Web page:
Heritage Chair Arrested for Speaking Out at Council Meeting

Karen Blandford-Anderson expected to find controversy when she attended last week’s Special Meeting of the Derry Town Council.

She never dreamed she would be escorted out of the meeting, arrested and charged with disturbing the peace.

Blandford-Anderson, a parent, chairman of the Derry Heritage Commission and member of the Derry Economic Development Committee, was escorted out by police after she objected to the Council’s decision to adjourn the meeting.

The meeting was called for the Council to discuss the resolution of eight petitions submitted by community members who were unhappy with the May 19 budget vote (see related story page 1). The 4-3 vote gave Council approval to deep budget cuts, including cuts to police personnel and overtime, fire personnel and overtime, public works personnel and overtime, the closing of a fire station, and the elimination of the Human Resources Director position. The new budget cut the tax rate by $1.21, but many residents thought the cuts went too deep.

The “referendum petitions” were presented to the public June 8 and 12 and received more than 800 signatures. According to the town charter, the items in a referendum petition should be re-voted by the Council and if the Council declines or does not overturn its vote, a special election is warranted.

In the July 28 meeting, Council Chair Tom Cardon said that a second opinion from the outside law firm Devine, Millimet of Manchester proved that a referendum petition cannot be used to overturn a Council budget vote.

Blandford-Anderson and other residents were upset by not having a chance to speak or to vote. She refused to leave the Council chambers and was escorted out.

Three other people were escorted out of the meeting as well, according to Derry Police Capt. Vern Thomas, but Blandford-Anderson was the only one arrested and charged. She has a court date of Aug. 20, he said.

Blandford-Anderson said she hadn’t planned to take the stand she did. But as she listened to the Council, she said her frustration grew. “They feel so strongly they are in the right, but they won’t explain why, even though a large group of residents is asking them to reconsider their vote,” she said in a phone interview Monday.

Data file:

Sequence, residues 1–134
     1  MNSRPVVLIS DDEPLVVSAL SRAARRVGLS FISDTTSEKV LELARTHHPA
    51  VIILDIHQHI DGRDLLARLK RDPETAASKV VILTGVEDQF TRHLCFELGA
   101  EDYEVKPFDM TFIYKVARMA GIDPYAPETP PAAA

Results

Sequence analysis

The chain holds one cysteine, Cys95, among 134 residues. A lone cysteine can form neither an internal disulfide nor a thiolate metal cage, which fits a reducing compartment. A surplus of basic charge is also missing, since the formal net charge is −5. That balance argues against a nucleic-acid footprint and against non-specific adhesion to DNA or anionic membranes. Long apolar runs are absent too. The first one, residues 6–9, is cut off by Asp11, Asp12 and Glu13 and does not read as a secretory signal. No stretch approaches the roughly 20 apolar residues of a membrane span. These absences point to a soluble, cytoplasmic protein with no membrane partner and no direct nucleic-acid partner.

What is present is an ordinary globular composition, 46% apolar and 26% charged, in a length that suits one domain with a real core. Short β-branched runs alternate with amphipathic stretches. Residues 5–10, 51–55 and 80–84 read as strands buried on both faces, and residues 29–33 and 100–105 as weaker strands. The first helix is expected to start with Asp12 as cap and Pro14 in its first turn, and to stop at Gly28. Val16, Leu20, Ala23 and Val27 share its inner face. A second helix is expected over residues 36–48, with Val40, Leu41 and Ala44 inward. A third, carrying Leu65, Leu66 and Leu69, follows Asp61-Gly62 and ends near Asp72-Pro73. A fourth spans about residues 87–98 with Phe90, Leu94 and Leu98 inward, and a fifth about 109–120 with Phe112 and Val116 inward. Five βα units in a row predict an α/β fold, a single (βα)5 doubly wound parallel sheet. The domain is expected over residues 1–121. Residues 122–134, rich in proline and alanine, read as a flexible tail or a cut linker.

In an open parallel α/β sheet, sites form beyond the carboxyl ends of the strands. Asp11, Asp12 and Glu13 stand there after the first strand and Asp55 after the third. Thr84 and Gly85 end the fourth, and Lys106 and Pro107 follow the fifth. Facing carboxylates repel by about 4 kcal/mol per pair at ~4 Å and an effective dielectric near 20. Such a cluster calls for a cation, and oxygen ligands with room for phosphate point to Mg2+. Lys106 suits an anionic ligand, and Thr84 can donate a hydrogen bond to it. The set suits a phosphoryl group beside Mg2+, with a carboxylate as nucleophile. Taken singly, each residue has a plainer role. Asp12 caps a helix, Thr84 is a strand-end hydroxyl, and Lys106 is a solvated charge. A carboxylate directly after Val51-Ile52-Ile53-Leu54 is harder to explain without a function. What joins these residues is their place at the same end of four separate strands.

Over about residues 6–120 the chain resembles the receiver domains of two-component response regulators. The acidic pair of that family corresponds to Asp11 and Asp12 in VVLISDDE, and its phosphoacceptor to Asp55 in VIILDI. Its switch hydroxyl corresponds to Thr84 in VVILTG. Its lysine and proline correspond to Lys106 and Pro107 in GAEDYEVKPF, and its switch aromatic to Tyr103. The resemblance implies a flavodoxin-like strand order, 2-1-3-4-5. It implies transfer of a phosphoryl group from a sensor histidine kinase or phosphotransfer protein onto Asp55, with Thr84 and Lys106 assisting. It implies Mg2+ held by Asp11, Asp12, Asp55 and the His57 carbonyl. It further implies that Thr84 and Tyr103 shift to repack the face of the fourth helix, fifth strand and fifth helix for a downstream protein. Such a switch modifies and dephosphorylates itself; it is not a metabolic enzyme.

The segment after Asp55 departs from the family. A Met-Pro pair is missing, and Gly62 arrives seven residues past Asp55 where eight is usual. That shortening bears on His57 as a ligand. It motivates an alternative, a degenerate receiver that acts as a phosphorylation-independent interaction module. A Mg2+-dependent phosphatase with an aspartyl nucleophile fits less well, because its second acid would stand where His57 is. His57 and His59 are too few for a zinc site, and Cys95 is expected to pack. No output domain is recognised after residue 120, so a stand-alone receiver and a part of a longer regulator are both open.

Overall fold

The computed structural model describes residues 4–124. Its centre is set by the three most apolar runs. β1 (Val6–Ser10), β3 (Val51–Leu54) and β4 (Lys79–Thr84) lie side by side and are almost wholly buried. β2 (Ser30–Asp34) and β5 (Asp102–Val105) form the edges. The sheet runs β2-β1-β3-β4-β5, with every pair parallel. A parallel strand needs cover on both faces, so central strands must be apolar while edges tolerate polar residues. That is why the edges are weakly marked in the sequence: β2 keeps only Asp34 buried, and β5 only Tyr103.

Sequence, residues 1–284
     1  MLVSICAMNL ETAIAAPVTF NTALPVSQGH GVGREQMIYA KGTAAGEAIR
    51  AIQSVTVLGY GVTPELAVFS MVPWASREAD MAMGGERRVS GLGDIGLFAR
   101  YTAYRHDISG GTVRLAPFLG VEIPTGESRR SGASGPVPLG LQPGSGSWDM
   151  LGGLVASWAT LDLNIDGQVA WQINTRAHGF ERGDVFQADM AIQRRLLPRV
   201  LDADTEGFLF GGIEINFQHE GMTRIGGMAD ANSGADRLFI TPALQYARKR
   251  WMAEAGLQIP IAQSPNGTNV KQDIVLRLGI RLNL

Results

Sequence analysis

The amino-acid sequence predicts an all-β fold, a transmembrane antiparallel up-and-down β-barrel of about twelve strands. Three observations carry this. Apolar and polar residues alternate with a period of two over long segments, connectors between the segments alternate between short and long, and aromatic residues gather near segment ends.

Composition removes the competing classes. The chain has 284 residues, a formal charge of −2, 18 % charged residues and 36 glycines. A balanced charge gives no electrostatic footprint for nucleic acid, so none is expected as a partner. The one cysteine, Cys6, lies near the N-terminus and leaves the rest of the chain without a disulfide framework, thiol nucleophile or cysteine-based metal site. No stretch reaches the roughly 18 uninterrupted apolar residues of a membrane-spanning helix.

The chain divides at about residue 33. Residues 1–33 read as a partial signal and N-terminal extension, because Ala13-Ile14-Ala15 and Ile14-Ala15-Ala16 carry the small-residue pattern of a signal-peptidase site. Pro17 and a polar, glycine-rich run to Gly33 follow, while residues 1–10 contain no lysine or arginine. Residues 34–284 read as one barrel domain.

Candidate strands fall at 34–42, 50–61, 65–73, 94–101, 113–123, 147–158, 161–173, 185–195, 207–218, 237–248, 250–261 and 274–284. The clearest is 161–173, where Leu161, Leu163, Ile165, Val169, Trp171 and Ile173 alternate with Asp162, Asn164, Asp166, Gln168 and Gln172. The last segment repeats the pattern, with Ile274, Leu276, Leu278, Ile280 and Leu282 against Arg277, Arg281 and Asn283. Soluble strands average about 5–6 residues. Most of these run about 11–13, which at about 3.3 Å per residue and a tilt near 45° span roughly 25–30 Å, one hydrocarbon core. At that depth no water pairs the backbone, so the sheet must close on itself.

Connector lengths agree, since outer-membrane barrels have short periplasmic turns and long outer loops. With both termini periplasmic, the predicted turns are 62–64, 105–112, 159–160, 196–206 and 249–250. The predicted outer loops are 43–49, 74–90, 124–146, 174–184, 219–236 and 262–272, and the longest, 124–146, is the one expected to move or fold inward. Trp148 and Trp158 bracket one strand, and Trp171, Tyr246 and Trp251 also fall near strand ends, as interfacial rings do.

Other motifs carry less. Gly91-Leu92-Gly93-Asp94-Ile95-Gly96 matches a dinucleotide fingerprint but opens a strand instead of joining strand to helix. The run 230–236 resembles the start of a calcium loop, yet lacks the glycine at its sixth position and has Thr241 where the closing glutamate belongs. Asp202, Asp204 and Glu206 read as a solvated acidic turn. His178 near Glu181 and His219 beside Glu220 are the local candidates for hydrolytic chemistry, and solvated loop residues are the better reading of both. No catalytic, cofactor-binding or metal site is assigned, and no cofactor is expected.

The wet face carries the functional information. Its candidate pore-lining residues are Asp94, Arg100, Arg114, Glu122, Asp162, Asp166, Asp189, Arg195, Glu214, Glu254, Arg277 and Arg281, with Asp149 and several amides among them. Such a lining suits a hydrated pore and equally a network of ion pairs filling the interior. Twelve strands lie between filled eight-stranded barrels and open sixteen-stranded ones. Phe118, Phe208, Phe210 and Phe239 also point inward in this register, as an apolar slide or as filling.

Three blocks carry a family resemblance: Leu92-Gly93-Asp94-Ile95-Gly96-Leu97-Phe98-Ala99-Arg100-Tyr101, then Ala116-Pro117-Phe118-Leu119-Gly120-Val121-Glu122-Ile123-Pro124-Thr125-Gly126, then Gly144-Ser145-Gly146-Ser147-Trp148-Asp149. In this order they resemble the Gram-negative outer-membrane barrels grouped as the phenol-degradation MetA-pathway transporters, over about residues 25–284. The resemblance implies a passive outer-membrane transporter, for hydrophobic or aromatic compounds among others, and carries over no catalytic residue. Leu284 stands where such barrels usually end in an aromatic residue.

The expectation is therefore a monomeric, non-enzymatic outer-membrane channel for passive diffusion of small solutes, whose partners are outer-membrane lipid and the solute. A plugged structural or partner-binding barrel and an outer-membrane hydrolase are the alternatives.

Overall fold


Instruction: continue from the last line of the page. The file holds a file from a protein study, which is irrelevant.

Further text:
Blandford-Anderson added, “We would like to know what led them to make the decisions they made, to make the cuts they made.”

She said she’s disturbed about terms some of the Council members have used in the past, such as referring to those who disagree with the cuts as a “mob” and “special interest group.”

She reached her own boiling point when, after the Council voted 4-3 that the petitions were not valid, Cardon quickly adjourned the meeting. Councilors Phyllis Katsakiores and Joshua Bourdon, on the losing side, tried to speak “and they were gaveled,” she said.

Blandford-Anderson was also on the front lines last summer, when she was part of a group of residents concerned about the School Board’s move of the Next Charter School to West Running Brook Middle School. She spoke out then, she said, but “I thought carefully about what I wanted to say. I planned it.”

Tuesday night, July 28, was something different, and members of the community were as surprised as she was when she took her stand.

“People were surprised it was me,” she said. “And that should tell you something about how important this is.”

Blandford-Anderson doesn’t necessarily want to see higher taxes, and she agrees that Derry’s tax burden is heavy. “But you can’t keep cutting,” she said.

And she’s concerned that cutting back on police, fire and infrastructure will stall economic development, which she calls the real key to keeping taxes down. She’s all for quirky small businesses to revitalize downtown, but she said the bigger corporations are needed to make a difference, and she doubts that will happen with the 2016 budget cuts.

“My frustration,” she said, “is that the four Councilors are not seeing the bigger picture.”

Blandford-Anderson isn’t sure how she’ll plead on Aug. 20. She’s never had to, she said, because “I’ve never been arrested before. I think I got a speeding warning once, when I was living in Rhode Island in 1980.”